differences between CZ75B and CZ75 police


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carlrodd
November 13, 2006, 03:07 PM
i know the Police version has a decocker. i assume there must be other differences given the difference in price; like 50-75 bucks retail, in favor of the Police. also, i spied a police 'semi-compact' that strongly resembled the CZ75 compact. differences there? both were new in box.

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Mark54g
November 13, 2006, 03:26 PM
The police has a decocker (so it is like a 75BD) and has a loaded chamber indicator. I also believe they come with night sights, so that would be worth more. For a while, they were selling rather cheaply.

carlrodd
November 13, 2006, 03:30 PM
an additional question.....how come there is no mention of the 'police' version on the cz-usa site?

coltrane679
November 13, 2006, 04:27 PM
They are some kind of overrun, which accounts for the pricing.

They are not true (tritium) night sights, I think--they are glow in the dark stuff.

It also has a lanyard loop at the bottom of the magwell.

TH CZ forum probably has all the answers.

Ricebrnr
November 13, 2006, 10:46 PM
What Is the CZ 75BD Police? Like the previous “CZ 75B Military” promotional pistols, the “CZ 75BD Police” is not a separate model, but a standard CZ model packaged as a special offer. Like the CZ 75B Military, the CZ 75BD police comes with one 15 round magazine and one 10 round magazine. The confusion over the CZ 75BD Police stems from the fact that this name combines elements of two standard CZ model names, the CZ 75 POLICE and the CZ 75BD.

The CZ 75 POLICE has the distinction of introducing the decocking lever in a full size CZ 75 series pistol; traditionally, the CZ 75/85 series pistols have a Browning-type manual safety. The original CZ 75 POLICE has a loaded chamber indicator and a lanyard mount in the butt. (See page 18 of the current CZ 75 series manual.) It is only available in black polycoat and chambered in 9mm Luger (9mm Parabellum, 9x19). Special features can be ordered from the factory (such as night sights). These were originally designed for a Brazilian police contract.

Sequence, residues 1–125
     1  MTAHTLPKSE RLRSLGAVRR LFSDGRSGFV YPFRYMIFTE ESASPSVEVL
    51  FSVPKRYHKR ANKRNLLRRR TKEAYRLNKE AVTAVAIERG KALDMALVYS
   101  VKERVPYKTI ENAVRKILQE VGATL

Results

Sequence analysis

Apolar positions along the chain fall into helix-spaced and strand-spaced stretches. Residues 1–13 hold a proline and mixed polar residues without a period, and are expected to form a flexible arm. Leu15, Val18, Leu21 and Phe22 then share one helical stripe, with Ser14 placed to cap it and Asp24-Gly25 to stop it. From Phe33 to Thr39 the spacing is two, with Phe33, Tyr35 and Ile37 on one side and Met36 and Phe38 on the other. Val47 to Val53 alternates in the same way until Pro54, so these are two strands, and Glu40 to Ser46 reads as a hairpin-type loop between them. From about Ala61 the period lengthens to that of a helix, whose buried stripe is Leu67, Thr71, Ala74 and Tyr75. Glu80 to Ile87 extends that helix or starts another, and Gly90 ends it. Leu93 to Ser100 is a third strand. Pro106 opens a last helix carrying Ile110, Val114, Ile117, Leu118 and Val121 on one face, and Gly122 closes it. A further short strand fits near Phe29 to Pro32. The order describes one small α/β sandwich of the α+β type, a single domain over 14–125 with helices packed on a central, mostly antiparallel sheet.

This model was sold in Europe for a number of years, and some 2002 models have turned up in the USA. Apparently, CZ did not produce new handguns in this configuration for a number of years, but recently began doing so again. The CZ 75 POLICE model was listed on the CZ-UB (Czech) website until January 2003, but it is not currently listed. The CZ-USA website and 2003 paper catalog do not list the model. It seems safe to assume that quantities are fairly limited at present.

The CZ 75BD is a "Plain Jane" version of the CZ 75 POLICE; it lacks the loaded chamber indicator and lanyard mount. (See page 18 of the current CZ 75 series manual.) The CZ 75BD is only available in black polycoat and chambered in 9mm Luger (9mm Parabellum, 9x19). My personal theory is that this model was an attempt to test civilian interest in a full-sized CZ 75 series pistol with a decocking lever, rather than a manual safety.

This model has been available in the U.S. for some time; however, like the CZ 75 DAO, it was never very popular. Stocking CZ dealers rarely, if ever, carried the CZ 75BD before 2002. To be fair, the CZ 75B Military handguns outsold all other models during the years that they were readily available from CZ-USA.

CZ-USA ran the "CZ 75B Military" promotional handgun offer from 1997-2001. By 2000, supplies were drying up, and some 1999 commercial pistols were released with a 15 round magazine, like the Turkish military pistols had been. In 2002, CZ-USA replaced this promotion with the "CZ 75BD Police" promotional offer. These are actually CZ 75BD models, not CZ 75 POLICE models. CZ-USA called this the "CZ 75BD Police" for reasons of their own.